Retailers gouging each other over payment-card fees

For many years the retail industry has battled hard against the banks and card schemes, Visa and MasterCard, to try and reduce the level of fees they are charged on every transaction they accept by payment card.

Transaction fees: Never quite this obvious.

There was a lot of sympathy for their plight – big banks and powerful card schemes versus retailers (many of them very small) never seemed a 100% fair fight. But things have taken a nasty turn as major name retailers increasingly move into financial services.

Part of this move, from the likes of Tesco and Marks & Spencer, involves them becoming big issuers of credit cards (co-branded with Visa or MasterCard). Tesco, for instance, has around a million holders of its payment card. No problems with that you’d think.

But there is an unsavoury aspect to their activities, namely that their cards have a fee of around 1% more (of the value of the goods bought) than other Visa and MasterCard cards.

Every little (extra transaction fee) helps.

This means that when a retailer accepts one of these cards they will be paying substantially more in fees than for most other Visa and MasterCard-branded cards that they accept. And this money is split between the retailer that issued the card (e.g. Tesco or M&S) and the card scheme supporting it.

This is a real kick in the teeth for all retailers and especially those selling big ticket items where a high proportion of their goods are purchased by shoppers using credit cards. The likes of Dixons will certainly be taking a big hit.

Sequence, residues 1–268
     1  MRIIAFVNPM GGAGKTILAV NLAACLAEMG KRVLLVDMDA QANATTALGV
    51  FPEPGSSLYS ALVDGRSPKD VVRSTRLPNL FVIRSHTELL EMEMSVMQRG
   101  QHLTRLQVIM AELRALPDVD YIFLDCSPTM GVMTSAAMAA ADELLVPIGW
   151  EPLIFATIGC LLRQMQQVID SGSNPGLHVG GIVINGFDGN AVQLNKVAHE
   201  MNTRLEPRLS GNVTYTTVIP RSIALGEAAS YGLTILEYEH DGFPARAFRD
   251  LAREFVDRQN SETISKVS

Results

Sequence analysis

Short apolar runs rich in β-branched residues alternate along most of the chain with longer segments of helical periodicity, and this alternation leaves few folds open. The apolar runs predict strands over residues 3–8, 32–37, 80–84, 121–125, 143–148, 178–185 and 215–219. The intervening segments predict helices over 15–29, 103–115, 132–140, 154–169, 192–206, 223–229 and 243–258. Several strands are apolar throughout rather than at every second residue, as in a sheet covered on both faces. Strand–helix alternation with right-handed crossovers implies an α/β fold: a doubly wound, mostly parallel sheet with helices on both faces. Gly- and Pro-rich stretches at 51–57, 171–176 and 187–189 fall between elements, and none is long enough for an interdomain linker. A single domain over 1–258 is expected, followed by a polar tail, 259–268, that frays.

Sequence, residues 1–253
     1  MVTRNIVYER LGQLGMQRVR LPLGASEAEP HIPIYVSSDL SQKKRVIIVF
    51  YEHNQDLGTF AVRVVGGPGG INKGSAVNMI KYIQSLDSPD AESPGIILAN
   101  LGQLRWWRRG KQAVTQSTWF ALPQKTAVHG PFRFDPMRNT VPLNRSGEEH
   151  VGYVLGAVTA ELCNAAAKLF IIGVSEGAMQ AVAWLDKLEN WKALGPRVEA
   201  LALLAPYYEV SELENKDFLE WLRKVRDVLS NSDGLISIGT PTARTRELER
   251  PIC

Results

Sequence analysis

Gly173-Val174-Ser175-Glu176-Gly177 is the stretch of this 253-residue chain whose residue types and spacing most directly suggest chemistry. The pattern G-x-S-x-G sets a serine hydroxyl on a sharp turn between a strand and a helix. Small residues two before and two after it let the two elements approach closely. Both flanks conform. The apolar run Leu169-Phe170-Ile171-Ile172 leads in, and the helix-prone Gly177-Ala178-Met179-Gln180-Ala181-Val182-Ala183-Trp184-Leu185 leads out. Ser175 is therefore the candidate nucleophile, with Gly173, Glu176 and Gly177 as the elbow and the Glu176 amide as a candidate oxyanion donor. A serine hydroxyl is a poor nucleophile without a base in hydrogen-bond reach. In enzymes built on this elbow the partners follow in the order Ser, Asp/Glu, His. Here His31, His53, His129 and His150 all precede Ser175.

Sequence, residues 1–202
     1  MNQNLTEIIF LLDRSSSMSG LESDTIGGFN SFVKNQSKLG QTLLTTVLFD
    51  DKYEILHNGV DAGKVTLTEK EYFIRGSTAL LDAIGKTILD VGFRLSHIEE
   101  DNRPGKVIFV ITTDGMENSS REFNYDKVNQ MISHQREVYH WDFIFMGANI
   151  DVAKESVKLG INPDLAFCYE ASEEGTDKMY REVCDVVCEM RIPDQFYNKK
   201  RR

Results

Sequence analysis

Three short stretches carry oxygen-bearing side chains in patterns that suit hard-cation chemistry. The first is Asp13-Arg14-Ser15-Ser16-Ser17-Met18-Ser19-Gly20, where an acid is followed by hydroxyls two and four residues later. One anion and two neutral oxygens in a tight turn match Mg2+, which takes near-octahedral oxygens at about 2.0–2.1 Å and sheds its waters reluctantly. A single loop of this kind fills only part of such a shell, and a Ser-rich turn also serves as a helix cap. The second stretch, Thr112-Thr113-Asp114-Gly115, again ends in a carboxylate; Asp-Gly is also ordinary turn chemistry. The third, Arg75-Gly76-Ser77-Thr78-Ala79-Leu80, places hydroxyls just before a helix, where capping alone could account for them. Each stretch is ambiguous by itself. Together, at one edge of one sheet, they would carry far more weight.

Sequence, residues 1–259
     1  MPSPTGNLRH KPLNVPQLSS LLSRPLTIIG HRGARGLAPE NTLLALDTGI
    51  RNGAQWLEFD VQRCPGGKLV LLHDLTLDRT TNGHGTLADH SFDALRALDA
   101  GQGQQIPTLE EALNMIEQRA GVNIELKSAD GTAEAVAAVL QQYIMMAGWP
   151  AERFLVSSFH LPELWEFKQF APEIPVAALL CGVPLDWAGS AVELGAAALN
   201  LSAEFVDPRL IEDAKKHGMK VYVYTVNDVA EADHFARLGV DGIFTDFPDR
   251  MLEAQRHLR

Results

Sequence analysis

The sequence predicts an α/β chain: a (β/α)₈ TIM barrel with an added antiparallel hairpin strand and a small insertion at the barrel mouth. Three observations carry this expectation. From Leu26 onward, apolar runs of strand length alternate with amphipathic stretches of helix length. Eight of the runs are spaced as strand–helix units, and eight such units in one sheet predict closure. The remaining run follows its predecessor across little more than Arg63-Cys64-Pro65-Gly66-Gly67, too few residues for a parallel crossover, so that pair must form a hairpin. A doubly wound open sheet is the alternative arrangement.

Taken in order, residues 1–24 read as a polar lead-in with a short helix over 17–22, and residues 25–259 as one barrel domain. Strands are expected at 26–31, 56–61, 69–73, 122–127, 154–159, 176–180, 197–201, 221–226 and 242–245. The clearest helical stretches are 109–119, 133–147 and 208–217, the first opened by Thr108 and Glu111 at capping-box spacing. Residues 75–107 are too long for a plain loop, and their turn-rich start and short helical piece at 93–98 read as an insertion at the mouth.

And just to put salt into the wounds of Dixons and others like it, the retailers issuing the cards will also be able to see exactly where their cardholders have been shopping so Tesco will be able to see which of its rivals’ stores they’ve visited.

Among retailers taking a hit on card fees.

This information could be used to change shoppers’ behaviour by maybe giving them vouchers to lure them away from these competitor shops.

All this chicanery can of course be put down to the straightforward rivalry that exists between retailers and the tough environment that is business.

However, this would be overlooking the fact that the likes of Tesco and M&S have been vociferously arguing against high banking fees for years. And then – would you believe it – when they get a chance to put their snouts in the trough they simply can’t help themselves.

It’s time for the British Retail Consortium to do something about this trend before there is all out warfare in its ranks.